The Lancet Commission: One Third of Dementia May Be Preventable (Lancet report release):
“Today’s findings are extremely hopeful,” said Maria Carrillo, PhD, chief science officer at the Alzheimer’s Association. “At an individual level, many people have the potential to reduce their risk of cognitive decline, and perhaps dementia, through simple, healthful behavior changes. At a public health level, interventions based on this evidence could be extremely powerful in managing the global human and economic costs of Alzheimer’s disease and other dementias.”
…The Lancet Commission brings together 24 international experts to consolidate the huge strides that have been made in our knowledge and understanding of dementia risk factors, treatment and care, and the emerging knowledge as to what we should do to prevent and manage dementia. The Commission conducted a new review and meta-analysis; based on which they extended current models of risk by including hearing loss and social isolation. Incorporating potentially modifiable risk factors from across the life-span, they proposed a novel life-course model of risk, highlighting the opportunity for prevention.
Among their key recommendations are:
- Be ambitious about prevention. Interventions for established risk factors may have the potential to delay or prevent one third of dementias.
- Treat cognitive symptoms. To maximize cognition, people with Alzheimer’s dementia or dementia with Lewy bodies should be offered cholinesterase inhibitors at all stages, or memantine for severe dementia.
- Individualize dementia care. Good dementia care spans medical, social and supportive care; and should be tailored to unique individual and cultural needs, preferences, and priorities.
- Care for family carers. Family carers are at high risk of depression. Effective interventions reduce the risk and treat the symptoms, and should be made available.
- Plan for the future. People with dementia and their families value discussions about the future and important upcoming decisions.
- Manage neuropsychiatric symptoms. Management of the neuropsychiatric symptoms of dementia — including agitation, low mood or psychosis — is usually psychological, social, and environmental, with drug treatment reserved for more severe symptoms.
- Consider end of life. A third of older people die with dementia, so it is essential that professionals working in end-of-life care consider whether a patient has dementia as they may be unable to make decisions about their care or express their needs and wishes.
The Lancet Commission launched a novel life-span-based model of dementia risk, showing interventions that may maximize cognition, decrease distressing associated symptoms, reduce crises, and improve quality of life. The team estimate the contribution of each of the risk factors to the overall incidence of dementia, at the population level. The combined evidence to date shows that roughly 35 percent of all cases of dementia are attributable to nine potentially modifiable risk factors. Many of the risk factors occur at particular life stages but some, such as smoking and hypertension, are likely to make a difference at all life stages.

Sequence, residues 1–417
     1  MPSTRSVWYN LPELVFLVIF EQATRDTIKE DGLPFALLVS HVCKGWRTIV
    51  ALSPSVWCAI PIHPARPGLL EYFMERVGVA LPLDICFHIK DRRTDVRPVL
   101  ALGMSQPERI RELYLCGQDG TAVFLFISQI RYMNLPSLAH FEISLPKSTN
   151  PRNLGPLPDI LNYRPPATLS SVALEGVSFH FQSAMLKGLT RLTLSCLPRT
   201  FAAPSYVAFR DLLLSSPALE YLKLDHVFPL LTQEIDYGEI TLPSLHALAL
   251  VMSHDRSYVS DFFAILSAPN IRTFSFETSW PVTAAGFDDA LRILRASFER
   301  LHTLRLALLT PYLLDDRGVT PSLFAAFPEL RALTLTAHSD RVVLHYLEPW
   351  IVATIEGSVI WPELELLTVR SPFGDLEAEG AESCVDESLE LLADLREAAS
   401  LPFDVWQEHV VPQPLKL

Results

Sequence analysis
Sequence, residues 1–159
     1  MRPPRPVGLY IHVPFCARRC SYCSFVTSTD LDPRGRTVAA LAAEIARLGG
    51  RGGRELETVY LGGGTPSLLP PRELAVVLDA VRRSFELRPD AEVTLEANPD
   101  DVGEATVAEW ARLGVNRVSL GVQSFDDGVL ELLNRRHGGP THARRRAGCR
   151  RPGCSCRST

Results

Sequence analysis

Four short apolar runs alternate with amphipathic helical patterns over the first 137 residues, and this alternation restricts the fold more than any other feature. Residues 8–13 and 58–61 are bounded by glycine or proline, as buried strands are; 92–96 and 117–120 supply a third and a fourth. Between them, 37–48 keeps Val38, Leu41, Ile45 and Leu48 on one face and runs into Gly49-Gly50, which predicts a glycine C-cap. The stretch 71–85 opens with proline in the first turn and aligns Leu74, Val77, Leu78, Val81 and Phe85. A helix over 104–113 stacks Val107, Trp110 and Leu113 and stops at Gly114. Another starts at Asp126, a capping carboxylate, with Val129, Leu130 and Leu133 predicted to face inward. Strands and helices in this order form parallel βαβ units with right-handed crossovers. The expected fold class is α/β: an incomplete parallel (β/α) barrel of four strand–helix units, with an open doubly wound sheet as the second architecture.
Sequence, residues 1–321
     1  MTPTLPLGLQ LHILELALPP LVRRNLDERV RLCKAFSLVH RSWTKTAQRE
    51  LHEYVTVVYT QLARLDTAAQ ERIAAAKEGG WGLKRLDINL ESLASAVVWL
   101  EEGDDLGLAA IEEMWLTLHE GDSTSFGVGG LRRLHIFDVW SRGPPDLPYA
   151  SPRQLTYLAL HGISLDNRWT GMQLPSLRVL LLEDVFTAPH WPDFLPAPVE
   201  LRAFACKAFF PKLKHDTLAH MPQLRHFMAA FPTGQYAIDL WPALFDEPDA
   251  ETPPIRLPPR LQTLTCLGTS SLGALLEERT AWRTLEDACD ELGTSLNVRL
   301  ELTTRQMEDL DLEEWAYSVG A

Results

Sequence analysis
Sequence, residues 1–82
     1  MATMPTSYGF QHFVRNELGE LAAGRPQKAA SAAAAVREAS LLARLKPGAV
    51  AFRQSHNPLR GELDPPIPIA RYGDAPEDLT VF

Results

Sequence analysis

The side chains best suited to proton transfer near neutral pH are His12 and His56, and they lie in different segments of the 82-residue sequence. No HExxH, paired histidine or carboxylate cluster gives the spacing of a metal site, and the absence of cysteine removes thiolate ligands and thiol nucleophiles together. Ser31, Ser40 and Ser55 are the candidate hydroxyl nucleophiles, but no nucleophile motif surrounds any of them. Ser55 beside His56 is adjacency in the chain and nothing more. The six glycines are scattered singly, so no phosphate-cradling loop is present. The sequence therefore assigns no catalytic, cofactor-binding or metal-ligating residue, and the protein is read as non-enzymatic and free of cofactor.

The nine modifiable risk factors include:
- Early life — Education to a maximum of age 15
- Mid-life — Hypertension; Obesity; Hearing loss
- Later life — Depression; Diabetes; Physical inactivity; Smoking; Low social contact
According to the Commission’s report, worldwide dementia prevalence could be reduced by more than 1 million cases with a 10 percent reduction in the prevalence of seven principal health and lifestyle factors. An intervention that delayed dementia by a year might decrease the number of people living with dementia globally by 9 million in 2050.
Dementia prevention, intervention, and care (The Lancet)
- Executive Summary: Dementia is the greatest global challenge for health and social care in the 21st century: around 50 million people worldwide have dementia and this number is predicted to triple by 2050. The Lancet Commission on dementia aims to review the best available evidence and produce recommendations on how to best manage, or even prevent, the dementia epidemic. Dementia is not an inevitable consequence of ageing and the Commission identifies nine potentially modifiable health and lifestyle factors from different phases of life that, if eliminated, might prevent dementia. Although therapies are currently not available to modify the underlying disease process, the Commission outlines pharmacological and social interventions that are able to help manage the manifestations of dementia.
The Study in Context
- Cognitive Training or Gingko Biloba to prevent cognitive decline and dementia? New comprehensive report by the National Academies of Sciences, Engineering, and Medicine clarifies priorities for public health and for future research
- Solving the Brain Fitness Puzzle Is the Key to Self-Empowered Aging
- 20 Must-Know Facts to Harness Neuroplasticity and Improve Brain Health